Congressmen Point to Protesting Ethiopian Olympic Runner as Victim in Fight for Freedom
U.S. congressmen are introducing legislation to protect Ethiopian civilians like the Olympic marathoner who raised his hands in an X as he crossed the finish-line in Rio.
Over the course of one weekend in early August, human rights groups reported that close to 100 Ethiopian civilians were killed across the country in clashes with security forces as they protested being politically and economically sidelined by the government.
Later that month, Ethiopian Olympic marathoner Feyisa Lilesa — who belongs to the protesting Oromo ethnic group — crossed the finish line in second place in Rio de Janeiro and raised his arms in an X over his head. The move signaled solidarity with the dissidents, who have faced a brutal crackdown in their efforts to open the Ethiopian political sphere to Oromos. Despite making up 40 percent of the Ethiopian population, Oromos have been largely blocked from holding major office.
Lilesa knew the risks when he raised his arms that day, and according to the Washington Post he immediately packed his bags and fled from the Olympic Village to a hotel in Rio. Government officials in Addis Ababa claimed he had won the silver medal for them and would thus be welcomed like a hero when returning home — no matter his political beliefs.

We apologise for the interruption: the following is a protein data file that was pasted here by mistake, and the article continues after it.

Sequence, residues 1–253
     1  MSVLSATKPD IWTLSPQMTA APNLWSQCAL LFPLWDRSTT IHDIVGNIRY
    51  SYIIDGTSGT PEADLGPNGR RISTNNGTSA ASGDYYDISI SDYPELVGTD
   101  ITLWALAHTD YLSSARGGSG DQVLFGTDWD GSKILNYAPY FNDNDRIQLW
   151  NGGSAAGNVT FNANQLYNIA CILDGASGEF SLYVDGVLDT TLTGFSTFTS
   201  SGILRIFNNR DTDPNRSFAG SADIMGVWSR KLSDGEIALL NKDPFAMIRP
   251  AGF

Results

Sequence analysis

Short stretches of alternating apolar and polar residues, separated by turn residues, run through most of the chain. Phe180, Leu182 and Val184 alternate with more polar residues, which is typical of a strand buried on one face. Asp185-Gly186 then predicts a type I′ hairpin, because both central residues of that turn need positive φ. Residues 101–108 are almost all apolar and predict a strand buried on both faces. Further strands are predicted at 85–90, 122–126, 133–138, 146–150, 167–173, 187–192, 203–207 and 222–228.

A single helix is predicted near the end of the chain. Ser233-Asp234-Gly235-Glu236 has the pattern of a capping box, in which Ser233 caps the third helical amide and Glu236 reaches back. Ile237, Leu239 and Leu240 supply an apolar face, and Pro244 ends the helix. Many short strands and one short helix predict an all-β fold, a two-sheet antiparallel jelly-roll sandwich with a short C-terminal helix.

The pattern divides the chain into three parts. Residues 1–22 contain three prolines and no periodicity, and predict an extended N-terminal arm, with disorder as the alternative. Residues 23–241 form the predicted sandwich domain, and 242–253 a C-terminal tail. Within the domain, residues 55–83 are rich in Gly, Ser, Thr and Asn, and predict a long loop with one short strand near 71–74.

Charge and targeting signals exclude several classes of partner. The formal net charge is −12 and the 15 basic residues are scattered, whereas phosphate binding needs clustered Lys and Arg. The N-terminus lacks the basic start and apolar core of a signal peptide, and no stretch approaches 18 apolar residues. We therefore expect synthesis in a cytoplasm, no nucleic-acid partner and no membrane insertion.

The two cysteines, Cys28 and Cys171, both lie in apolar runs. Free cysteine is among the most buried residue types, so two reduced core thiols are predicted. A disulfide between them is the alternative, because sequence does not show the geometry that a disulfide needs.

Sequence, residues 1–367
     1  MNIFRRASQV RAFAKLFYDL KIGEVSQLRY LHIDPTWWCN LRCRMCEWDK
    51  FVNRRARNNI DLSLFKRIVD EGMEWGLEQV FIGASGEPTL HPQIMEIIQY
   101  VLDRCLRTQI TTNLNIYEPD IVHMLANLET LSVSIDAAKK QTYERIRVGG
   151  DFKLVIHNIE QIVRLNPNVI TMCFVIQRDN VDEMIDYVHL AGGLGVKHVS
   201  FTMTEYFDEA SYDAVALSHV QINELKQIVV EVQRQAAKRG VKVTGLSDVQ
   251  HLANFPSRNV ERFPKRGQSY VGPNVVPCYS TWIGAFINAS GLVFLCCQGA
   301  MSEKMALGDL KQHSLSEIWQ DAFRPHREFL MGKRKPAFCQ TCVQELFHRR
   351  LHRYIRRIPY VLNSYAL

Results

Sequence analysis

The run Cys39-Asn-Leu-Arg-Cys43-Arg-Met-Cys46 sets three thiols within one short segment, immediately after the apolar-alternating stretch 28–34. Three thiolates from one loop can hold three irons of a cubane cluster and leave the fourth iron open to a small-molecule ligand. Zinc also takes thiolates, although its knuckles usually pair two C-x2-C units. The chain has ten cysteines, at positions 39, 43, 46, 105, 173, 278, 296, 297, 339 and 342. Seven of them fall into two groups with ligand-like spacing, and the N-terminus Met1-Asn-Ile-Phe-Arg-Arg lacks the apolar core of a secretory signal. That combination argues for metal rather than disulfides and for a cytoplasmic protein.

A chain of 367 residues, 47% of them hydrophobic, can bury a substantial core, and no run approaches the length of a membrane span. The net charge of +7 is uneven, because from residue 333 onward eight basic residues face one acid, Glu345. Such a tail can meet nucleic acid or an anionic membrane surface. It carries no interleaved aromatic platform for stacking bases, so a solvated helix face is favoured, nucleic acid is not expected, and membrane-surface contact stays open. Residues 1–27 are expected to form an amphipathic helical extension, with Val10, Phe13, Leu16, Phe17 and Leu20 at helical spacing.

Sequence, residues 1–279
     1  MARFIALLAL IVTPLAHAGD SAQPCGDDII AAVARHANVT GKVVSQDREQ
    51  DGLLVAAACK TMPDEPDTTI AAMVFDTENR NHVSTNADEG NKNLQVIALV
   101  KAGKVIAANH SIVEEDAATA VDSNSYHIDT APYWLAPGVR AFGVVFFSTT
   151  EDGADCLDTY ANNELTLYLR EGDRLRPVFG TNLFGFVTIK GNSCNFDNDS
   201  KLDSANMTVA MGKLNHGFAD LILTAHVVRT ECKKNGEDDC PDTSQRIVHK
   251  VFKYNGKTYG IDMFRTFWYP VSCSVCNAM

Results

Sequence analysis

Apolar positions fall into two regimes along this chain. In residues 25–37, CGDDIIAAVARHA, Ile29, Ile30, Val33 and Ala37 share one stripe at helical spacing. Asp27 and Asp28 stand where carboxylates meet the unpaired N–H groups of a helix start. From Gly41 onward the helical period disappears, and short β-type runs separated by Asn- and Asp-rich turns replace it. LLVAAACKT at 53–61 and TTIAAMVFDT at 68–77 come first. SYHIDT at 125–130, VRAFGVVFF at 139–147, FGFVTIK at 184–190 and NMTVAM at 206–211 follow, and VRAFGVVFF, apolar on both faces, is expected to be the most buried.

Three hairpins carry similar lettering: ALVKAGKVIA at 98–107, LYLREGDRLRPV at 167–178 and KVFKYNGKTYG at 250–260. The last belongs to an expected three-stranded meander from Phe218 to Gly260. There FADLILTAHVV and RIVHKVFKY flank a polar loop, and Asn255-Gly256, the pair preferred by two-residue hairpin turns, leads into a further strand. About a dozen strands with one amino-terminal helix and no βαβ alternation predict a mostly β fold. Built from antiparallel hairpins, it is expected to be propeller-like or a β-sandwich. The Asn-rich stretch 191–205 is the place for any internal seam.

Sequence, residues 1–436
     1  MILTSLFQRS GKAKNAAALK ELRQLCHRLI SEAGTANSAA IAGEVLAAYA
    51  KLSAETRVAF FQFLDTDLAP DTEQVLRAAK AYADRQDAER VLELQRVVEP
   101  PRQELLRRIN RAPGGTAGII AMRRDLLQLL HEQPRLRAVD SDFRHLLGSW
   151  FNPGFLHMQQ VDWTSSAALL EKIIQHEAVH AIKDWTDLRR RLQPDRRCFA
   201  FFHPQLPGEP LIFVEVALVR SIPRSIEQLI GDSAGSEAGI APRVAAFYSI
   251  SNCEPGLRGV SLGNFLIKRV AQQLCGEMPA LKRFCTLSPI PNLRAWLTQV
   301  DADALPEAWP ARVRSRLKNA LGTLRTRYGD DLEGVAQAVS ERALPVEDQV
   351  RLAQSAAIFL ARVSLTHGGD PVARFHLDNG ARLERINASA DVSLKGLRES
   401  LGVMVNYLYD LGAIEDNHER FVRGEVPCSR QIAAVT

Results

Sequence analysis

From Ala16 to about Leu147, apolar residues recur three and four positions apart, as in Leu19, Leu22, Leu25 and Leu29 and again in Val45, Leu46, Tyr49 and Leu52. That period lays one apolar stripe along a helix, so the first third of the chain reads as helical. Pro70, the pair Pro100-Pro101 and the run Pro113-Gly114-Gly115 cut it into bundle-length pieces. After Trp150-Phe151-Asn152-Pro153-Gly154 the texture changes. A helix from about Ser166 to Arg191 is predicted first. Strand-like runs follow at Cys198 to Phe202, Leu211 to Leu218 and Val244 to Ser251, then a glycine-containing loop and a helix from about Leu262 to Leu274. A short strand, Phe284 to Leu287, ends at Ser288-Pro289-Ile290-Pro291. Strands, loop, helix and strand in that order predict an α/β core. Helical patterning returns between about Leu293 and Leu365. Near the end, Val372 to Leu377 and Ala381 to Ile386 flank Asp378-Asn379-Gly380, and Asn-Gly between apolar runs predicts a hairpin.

Lilesa didn’t trust them. He arrived in the United States last week, where he is now seeking asylum.
On Tuesday, Rep. Chris Smith (R-N.J.), chairman of the House subcommittee on Africa, pointed to the runner as a victim in the fight for democratic freedom in Ethiopia. The congressman said that although Ethiopia has proven itself as a longtime ally to the United States, the government has “intensified in its effort to shut down political opposition and critics in civil society.”
Smith is calling on Ethiopian officials to respect the rights of Lilesa and other citizens to freely express opinions without fear of retribution. He said Tuesday he would file bipartisan legislation urging Ethiopia’s leaders to allow a special United Nations rapporteur into the country to examine its human rights situation.
In Addis Ababa, the request will likely be seen as a rebuff against the government from a close ally. When reached by telephone, an officer at the Ethiopian Embassy in Washington asked Foreign Policy to try calling again on Wednesday.
In his remarks, Smith pointed to examples of other Ethiopian protesters who now fear their government, including Demssew Tsega Abebe, another runner who participated in a rally last year and later had his feet tortured by security forces. Over the past year, some 400 protesters are believed to have been killed at the hands of security forces.
“I have remained in contact with the Ethiopian government in an effort to convince them to moderate their behavior toward their citizens,” Smith said. “Unfortunately this moderation has not taken place.”
Lilesa might not be alone in seeking asylum in the United States this fall. On Monday, visually impaired Ethiopian paralympic runner Tamiru Demisse also earned a silver medal in his race in Rio — then raised his arms in an X over his head.
Photo credit: OLIVIER MORIN/AFP/Getty Images
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